Two new reasons to get serious about sunscreen

Answered by Brendan Curti, M.D., medical oncologist, director of the Providence Biotherapy Program at Providence Cancer Center and director of genitourinary oncology research at the Robert W. Franz Cancer Research Center in the Earle A. Chiles Research Institute.

It's a fact: Sunscreen protects you from cancer-causing UV radiation. UV is by far the leading cause of skin cancer, which is – by far – the most common type of cancer in the United States. And contrary to what you may think, all kinds of skin cancer - even the non-melanoma kinds – have the potential to kill you if they progress too far.

But if that's not enough to persuade you to put on some sunscreen, here are two new reasons to get serious about it.

1. Skin cancer increases your risk of other kinds of cancer.

The increasing rates of skin cancer in the United States suggest that even though we know how to prevent it, many of us just don't find the threat of skin cancer as scary as other cancers – at least, not scary enough to bother with sunscreen. But consider this recent finding: Once you develop skin cancer, your risk of a host of those other cancers goes up.

A study published in PLOS Medicine in 2013 found that having a non-melanoma skin cancer was "significantly associated with an 11 percent higher risk of other primary cancers (excluding melanoma) in men and a 20 percent higher risk of other primary cancers (excluding melanoma) in women."

Survivors of melanoma – the most lethal form of skin cancer – also have a heightened risk of other cancers, according to an earlier study in the Archives of Dermatology. That study found that having melanoma increased the risk of developing a second cancer by 28 percent. About 12 percent of the patients studied developed at least one additional cancer after their melanoma. One quarter of these were new melanomas. Among the rest, the most common were breast and prostate cancers and non-Hodgkin lymphoma, although the risks for multiple other types of cancer went up as well.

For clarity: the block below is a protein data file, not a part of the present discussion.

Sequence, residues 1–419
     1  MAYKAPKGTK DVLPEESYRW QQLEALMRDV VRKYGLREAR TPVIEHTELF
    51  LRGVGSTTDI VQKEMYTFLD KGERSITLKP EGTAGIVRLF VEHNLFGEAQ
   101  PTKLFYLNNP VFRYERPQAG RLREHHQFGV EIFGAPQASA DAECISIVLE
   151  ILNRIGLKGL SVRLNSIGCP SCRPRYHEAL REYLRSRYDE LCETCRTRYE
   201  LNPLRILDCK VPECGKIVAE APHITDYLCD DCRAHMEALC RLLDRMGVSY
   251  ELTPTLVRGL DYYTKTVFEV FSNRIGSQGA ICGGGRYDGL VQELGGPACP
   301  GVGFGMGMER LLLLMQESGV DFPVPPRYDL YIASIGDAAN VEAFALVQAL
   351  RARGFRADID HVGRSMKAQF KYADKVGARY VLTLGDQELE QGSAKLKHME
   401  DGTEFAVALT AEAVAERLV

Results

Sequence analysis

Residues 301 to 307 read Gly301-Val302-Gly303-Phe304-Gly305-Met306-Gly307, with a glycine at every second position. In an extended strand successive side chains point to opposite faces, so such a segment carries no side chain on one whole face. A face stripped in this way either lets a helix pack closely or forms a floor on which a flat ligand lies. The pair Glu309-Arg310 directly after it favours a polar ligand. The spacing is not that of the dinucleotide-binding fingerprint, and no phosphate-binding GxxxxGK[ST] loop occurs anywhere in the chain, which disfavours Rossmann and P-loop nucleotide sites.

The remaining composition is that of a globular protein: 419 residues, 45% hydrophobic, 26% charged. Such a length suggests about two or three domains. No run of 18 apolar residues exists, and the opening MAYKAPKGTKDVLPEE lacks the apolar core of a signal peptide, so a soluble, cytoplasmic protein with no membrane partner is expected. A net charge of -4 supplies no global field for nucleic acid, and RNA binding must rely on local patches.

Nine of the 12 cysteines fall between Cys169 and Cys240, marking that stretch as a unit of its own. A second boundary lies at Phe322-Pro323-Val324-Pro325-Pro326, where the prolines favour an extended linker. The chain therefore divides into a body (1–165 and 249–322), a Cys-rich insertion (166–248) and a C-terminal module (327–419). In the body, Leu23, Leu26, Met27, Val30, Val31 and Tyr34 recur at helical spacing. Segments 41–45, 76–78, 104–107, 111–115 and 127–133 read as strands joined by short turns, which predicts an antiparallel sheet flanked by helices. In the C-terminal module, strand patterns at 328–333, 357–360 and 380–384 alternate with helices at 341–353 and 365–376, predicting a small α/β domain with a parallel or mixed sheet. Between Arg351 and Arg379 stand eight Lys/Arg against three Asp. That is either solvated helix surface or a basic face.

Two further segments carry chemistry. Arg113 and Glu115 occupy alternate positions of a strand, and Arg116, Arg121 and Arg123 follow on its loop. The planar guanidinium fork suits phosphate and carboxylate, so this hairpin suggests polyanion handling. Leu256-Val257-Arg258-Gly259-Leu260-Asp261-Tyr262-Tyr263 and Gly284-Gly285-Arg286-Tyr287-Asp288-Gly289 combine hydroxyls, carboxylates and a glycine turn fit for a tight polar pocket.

That bottle of sunscreen looks a lot more potent when you consider that it can protect you not just from skin cancer, but also from the increased risks of all the other cancers that could follow.

2. Sunscreen protects the genes that protect you from all kinds of cancer.

A recent Australian study found that wearing sunscreen goes beyond protecting you from skin cancer – it also shields a very important gene called "p53," which protects you from all kinds of cancer.

Found throughout your body, p53 acts like a spellchecker for your DNA. When it finds a cell with DNA damage, it calls on other genes to repair the damage. If p53 determines that the cell is too damaged to repair, it blocks the cell from dividing and forces it to self-destruct. This prevents mutated cells from growing and becoming potentially cancerous.

The p53 gene performs its tumor-suppressing repair work for all kinds of potential cancers, including skin cancer. When UV damages the DNA in your skin, p53 gets to work. But even this superhero gene has limits to how much UV it can take. Over time, repeated UV exposure can damage p53 genes, leaving them too weak and crippled to perform their vital repair work – and leaving you more susceptible to skin cancer and other cancers.

Given all that this gene does to protect you from cancer, it seems a small thing to ask to protect it with a little sunscreen.

Thanks to these studies, we now know that wearing sunscreen helps protect us not only from skin cancer, but from all kinds of cancer. So act as if your life depended on it: Grab that bottle of SPF-30 and put it to good use.

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Dr. Curti and Walter Urba, M.D., Ph.D., coauthored the chapter on Cancers of the Skin in the 2014 edition of the medical textbook Harrison's Principles of Internal Medicine, to be published soon. Dr. Urba is the director of cancer research at Providence Cancer Center.

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